Tag Archives: Australia

North Queensland, Australia, 1998

1 Apr

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In August 1998 Peter and I did fly to Cairns. 60 km north of Cairns is tropical Port Douglas, where we stayed at a Radison Reef Resort. Our travel agent had booked everything for us. Quite a few coach tours were included during our wonderful five day stay in North Queensland.

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Views of Cairns and the lush coast from the famous Kuranda Scenic Railway

One of our tours led us to this beautiful Scenic Railway.

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This is an aerial view of Cape Tribulation where two World Heritage areas meet, The Grat Barrier Reef and the rainforest.

One of our bus tours took us as far north as Cape Tribulation.

Concordia Club, Tempe, NSW

23 Mar

Today we visited the Concordia Club. It was still quite warm as though the summer did not want to leave us yet. We did meet our family at the club for lunch.

There were our two daughters and our son with their partners, as well as our twin grandsons. One of them was there with partner and beautiful son, who is our great-grandson!Also one of our grand-daughters, who turns seventeen early next month, was also there.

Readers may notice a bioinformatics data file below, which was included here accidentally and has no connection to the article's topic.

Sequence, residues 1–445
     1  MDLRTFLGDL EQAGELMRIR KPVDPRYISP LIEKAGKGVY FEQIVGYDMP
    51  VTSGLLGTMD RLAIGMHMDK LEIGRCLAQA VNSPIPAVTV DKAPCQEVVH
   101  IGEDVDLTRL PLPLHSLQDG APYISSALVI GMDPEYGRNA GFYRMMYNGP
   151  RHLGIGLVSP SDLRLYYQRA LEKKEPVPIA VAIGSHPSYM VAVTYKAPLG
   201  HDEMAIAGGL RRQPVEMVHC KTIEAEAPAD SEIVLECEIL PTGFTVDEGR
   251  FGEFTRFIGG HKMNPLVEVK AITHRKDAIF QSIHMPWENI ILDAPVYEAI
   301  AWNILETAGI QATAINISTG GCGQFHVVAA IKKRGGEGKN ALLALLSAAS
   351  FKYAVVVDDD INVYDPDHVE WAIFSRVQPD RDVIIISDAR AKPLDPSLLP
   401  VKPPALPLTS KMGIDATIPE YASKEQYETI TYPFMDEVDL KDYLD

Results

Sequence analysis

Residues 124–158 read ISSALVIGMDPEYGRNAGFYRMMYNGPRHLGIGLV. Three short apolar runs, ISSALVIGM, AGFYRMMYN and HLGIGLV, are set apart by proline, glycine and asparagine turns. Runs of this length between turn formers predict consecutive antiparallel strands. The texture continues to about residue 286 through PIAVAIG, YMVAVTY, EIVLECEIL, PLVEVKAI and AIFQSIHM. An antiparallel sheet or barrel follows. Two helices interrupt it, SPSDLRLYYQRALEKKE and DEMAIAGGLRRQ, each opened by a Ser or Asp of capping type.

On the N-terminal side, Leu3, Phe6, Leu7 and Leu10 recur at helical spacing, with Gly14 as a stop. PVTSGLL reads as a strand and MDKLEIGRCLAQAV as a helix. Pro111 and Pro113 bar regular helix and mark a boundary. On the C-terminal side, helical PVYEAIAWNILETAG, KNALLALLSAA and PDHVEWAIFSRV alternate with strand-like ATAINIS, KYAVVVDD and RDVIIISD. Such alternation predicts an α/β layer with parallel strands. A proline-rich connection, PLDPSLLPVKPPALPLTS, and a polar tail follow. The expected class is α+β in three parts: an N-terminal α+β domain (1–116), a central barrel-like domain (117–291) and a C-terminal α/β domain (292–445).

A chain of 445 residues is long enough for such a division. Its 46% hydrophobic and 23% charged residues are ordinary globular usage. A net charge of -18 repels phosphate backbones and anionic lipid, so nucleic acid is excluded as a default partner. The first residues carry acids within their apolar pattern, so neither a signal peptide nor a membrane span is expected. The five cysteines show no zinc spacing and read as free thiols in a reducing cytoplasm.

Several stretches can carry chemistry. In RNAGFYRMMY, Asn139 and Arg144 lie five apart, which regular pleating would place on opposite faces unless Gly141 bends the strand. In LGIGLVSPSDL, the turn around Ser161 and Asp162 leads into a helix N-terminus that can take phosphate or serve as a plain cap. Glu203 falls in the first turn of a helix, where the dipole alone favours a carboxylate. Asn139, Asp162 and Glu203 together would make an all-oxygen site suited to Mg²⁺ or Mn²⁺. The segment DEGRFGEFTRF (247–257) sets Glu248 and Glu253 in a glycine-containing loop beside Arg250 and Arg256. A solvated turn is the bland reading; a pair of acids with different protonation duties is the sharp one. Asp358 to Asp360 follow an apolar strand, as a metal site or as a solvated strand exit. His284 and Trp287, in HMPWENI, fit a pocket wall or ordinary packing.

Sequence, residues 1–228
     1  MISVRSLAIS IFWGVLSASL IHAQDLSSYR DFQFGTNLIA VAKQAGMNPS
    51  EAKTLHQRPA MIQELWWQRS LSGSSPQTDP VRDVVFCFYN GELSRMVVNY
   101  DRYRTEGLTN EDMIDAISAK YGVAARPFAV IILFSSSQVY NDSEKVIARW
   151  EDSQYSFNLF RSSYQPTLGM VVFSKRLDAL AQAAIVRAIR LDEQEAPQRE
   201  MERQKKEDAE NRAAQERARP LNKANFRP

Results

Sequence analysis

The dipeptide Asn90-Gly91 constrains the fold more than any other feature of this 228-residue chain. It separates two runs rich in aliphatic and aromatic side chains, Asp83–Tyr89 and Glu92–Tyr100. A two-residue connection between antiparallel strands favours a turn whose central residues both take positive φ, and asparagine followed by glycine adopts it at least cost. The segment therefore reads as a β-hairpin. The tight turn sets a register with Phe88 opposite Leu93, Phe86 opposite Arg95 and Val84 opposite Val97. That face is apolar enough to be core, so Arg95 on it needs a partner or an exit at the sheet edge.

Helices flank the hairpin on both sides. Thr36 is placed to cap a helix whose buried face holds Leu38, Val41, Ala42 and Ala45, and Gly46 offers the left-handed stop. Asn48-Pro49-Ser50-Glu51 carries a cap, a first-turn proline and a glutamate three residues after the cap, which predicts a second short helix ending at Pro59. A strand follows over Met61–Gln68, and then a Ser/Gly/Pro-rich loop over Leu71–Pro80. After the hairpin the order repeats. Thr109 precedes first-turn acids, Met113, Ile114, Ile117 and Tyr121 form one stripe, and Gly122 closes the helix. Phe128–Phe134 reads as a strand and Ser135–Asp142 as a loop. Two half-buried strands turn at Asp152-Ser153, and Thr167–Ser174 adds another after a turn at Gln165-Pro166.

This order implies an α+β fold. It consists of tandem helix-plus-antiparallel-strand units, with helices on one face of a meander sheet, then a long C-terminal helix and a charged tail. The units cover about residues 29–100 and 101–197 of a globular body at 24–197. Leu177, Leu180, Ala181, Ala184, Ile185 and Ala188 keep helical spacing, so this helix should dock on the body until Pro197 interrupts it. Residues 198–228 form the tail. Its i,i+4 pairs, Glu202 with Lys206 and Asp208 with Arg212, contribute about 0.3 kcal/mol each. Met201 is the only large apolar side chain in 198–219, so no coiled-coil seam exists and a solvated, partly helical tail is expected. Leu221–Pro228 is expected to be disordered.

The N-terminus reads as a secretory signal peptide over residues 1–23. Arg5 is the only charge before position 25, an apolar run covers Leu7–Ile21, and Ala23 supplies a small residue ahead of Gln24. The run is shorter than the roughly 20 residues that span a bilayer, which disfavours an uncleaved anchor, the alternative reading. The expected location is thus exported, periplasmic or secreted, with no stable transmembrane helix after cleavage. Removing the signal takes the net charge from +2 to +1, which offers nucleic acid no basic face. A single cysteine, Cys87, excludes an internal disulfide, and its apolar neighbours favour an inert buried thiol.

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Lucas, our little great grandson soon found company on the lawns in front of the club and kept tirelessly running around.

Lucas, our little great grandson soon found company on the lawns in front of the club and kept tirelessly running around.

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We had great fun watching the kids from where we were sitting down for lunch.

We had great fun watching the kids from where we were sitting down for lunch.

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Australian Bushfires Jan. 2014

19 Jan

I think just about every Australian would have heard by now about all the bushfires that are raging at present.

If you are  outside of Australia you may perhaps  be interested to find out how we are faring with the bushfires at this time of the year.

I am sure a lot of information can be found in the above ABC’s write up.

This morning I heard on the ABC radio news that a lot of aircraft is at present surveying new outbreaks of bushfires within the southwest of New South Wales.

 

The ABC’s Transcript about Bushfires:

LEIGH SALES, PRESENTER: Southern Australia is heading for the fourth day of an intense heatwave that’s brought record-breaking temperatures.

The scorching heat has put a strain on electricity supplies and stretched ambulance services.

Tomorrow Victoria is potentially facing its worst bushfire threat since Black Saturday.

Strong winds and temperatures over 40 degrees are forecast across the state and South Australia has also issued a severe bushfire warning for tomorrow.

Lisa Whitehead reports.

LISA WHITEHEAD, REPORTER: Retired kindergarten teacher Kate Porter is used to living with the threat of bushfires. For 49 years she’s lived on this bush block on Melbourne’s northern fringes.

Kate, do you brace yourself every year for bushfires?

KATE PORTER: Oh, you have to. You never know what’s going to happen. You just have to be prepared.

LISA WHITEHEAD: Her two-acre block backs on to state forest in one of the highest bushfire risk areas in Victoria. Two days ago, a grass fire took off in nearby kangaroo ground and was burning out of control.